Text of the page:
Prior to World War I, Assyrians dwelled largely among Kurds, Turks, Azeris, and Arabs in what is now southeastern Turkey, northern Iraq, and northwestern Iran. Bearers of the ancient Syriac Christian heritage, they speak Modern Syriac (“Modern Assyrian”), a form of Aramaic. Since World War I, they have scattered, yet their nationalistic consciousness has deepened. The tight-knit Chicago community, numbering 15,683 according to the 2000 census (community estimates report several times that many), has long been one of the largest and most active in the Assyrian diaspora.
Exposure to American Presbyterian missionaries in Iran first prompted Assyrians to come to America. Early arrivals, from 1889 on, were young men who had attended missionary schools and came to continue their studies or, later, to seek work. A number of key missionaries in Iran were Chicagoans, including several members of the prominent Shedd family. The young men settled around Clark and Huron, near religious institutions familiar to them. By 1920, the majority were employed as hotel and restaurant workers or as janitors.
World War I had calamitous consequences, as approximately one-third of the 310,000 Assyrians remaining in their homeland perished. Assyrians in Chicago saw their numbers swell with refugees: from 1,422 in 1920 to 2,327 in 1924, according to community estimates.
These events hastened organizational development. To save and rebuild the lives of the refugees, Assyrians cooperated with Armenians in the Armenian Syrian Relief Committee and established village aid societies and ladies' sewing bees. Several nationalistic social clubs emerged, including the still-existing Assyrian American Association, or Šôtāputa (founded 1916).
From the 1910s through the 1930s, Chicago's Assyrian community cultivated a rich social and cultural life, as its members advanced economically and moved northward into such neighborhoods as Lincoln Park and Lake View. Integrating themselves into the life of Chicago through the assertion of their ethnicity, Assyrians established a persisting pattern. During World War I, they assiduously sold Liberty Bonds, and in 1918 they organized the 100-member-strong Assyrian American Illinois Volunteer Training Corps, or Pôj Surêta (“Assyrian Battalion”). In 1947, Assyrian veterans established the American Assyrian Amvet Post, which has remained active into the twenty-first century.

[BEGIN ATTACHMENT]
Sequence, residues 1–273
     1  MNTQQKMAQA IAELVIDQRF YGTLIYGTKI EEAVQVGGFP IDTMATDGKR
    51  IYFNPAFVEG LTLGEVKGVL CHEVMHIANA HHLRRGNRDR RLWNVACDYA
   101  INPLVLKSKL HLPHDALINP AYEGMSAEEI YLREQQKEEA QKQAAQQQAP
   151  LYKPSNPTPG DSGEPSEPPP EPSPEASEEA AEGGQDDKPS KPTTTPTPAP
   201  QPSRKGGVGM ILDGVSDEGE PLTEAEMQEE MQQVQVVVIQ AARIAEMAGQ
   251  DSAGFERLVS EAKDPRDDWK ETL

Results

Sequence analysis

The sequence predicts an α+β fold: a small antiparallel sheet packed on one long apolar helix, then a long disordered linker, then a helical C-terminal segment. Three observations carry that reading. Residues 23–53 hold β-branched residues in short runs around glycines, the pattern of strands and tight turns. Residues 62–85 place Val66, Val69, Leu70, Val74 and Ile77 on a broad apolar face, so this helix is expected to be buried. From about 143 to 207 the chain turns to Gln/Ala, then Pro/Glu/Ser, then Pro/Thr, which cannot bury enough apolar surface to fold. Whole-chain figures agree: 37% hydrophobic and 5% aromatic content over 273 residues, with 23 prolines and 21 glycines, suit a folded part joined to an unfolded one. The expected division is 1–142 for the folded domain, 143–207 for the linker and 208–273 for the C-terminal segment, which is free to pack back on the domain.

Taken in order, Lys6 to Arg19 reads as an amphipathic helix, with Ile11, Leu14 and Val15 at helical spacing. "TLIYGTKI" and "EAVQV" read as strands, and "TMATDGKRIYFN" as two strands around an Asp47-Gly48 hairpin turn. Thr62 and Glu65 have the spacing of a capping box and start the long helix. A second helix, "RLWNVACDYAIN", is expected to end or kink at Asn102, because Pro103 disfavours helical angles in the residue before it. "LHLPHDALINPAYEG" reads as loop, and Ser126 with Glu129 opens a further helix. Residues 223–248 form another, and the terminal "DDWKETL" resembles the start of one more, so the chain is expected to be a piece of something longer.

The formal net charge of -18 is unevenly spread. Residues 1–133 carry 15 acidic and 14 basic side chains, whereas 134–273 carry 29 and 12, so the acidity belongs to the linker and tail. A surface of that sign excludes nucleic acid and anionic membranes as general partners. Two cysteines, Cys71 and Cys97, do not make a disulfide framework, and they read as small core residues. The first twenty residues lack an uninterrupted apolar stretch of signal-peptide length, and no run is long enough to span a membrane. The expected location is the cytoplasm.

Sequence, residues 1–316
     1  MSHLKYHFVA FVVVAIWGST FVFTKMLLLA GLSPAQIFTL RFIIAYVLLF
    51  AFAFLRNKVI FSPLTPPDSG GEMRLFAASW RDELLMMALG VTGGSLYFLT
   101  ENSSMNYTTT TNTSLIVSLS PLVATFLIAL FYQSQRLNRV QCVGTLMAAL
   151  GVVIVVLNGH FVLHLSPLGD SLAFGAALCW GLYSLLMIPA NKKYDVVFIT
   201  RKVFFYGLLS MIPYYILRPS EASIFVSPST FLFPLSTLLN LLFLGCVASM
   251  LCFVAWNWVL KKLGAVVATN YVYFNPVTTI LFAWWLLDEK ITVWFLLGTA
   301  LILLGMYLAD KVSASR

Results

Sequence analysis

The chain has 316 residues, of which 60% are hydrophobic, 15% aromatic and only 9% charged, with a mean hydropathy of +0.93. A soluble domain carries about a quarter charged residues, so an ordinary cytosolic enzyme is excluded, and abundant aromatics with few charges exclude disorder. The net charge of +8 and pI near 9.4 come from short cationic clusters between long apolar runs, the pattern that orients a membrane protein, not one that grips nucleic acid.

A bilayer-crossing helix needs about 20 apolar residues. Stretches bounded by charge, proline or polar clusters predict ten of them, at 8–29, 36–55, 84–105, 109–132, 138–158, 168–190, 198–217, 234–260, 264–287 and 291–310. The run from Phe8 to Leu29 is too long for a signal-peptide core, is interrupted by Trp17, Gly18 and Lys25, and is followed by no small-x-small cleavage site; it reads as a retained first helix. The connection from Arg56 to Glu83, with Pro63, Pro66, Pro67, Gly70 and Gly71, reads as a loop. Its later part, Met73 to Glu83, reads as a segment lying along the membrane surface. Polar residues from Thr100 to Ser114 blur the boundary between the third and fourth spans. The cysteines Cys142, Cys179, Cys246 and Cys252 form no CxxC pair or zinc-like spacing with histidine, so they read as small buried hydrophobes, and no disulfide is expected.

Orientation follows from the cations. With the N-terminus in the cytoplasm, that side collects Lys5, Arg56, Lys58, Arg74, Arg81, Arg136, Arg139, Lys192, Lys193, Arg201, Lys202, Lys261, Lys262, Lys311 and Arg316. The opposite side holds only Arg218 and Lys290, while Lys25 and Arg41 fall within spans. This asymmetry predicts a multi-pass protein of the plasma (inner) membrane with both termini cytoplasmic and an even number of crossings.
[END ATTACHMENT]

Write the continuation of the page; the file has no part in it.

Assyrians also organized their own congregations, conducting services in Syriac, within the fold of established denominations. The Carter Presbyterian Church—until the 1970s, the largest Assyrian congregation—was spawned by the Fourth Presbyterian Church. Smaller congregations also flourished: Chaldean (Roman) Catholic, Congregational, Pentecostal, Lutheran, and Brethren, in addition to the Assyrians' ancestral Church of the East, which has had strong ecumenical ties with the Episcopal Church.
From the 1920s through the 1950s, the inflow of Assyrians to Chicago seldom exceeded a trickle. Since the 1960s the pace of immigration has quickened, from Syria, Lebanon, and above all Iraq. Assyrians in Iraq tended to work for the British military or foreign contractors. Nationalization of enterprises destabilized their economic position and spurred emigration, which the Iran-Iraq War (1980–1988), the Persian Gulf War (1991), and pervasive government oppression accelerated.
This new migration coincided with the waning of the “old” community. As the mostly Iranian Assyrians migrated out of Chicago (especially to California) or assimilated into American society, the mostly Iraqi Assyrians replenished and augmented the existing American Assyrian institutions. Since 1992, they have held an annual Assyrian New Year's Parade on honorary “King Sargon Boulevard” (a stretch of Western Avenue).
Internally diverse, these later immigrants typically have found employment as workers in midsize factories and as store clerks, bank tellers, and mechanics. More and more have become professionals such as doctors, engineers, and accountants, or retailers. By 1990, Assyrians owned as many as four hundred North Side video rental shops. Recently, operating dollar store franchises has become an attraction.
Chicago's Assyrian families have toiled to support or rescue relatives facing dire circumstances in the Middle East. By activating their extensive family support networks, such efforts have kept alive a strong sense of Assyrian identity.
Ablahat, Rev. Haidow, et al. Dedication of the Carter Memorial Assyrian-Persian Chapel, 52–54 West Huron Street, of the Fourth Presbyterian Church of Chicago. 1914. Ashurbanipal Library, Chicago, IL.
Holy Catholic Apostolic Church of the East (Assyrian Nestorian) Vs. His Beatitude, Mar Eshai Shimun, Patriarch of the East and of the Assyrians, et al. 42 C 3763 (1942). Clerk of the Circuit Court of Cook County, Chancery Division.
Stein, Edith M. “Some Near Eastern Immigrant Groups in Chicago.” M.A. thesis, University of Chicago. 1922.
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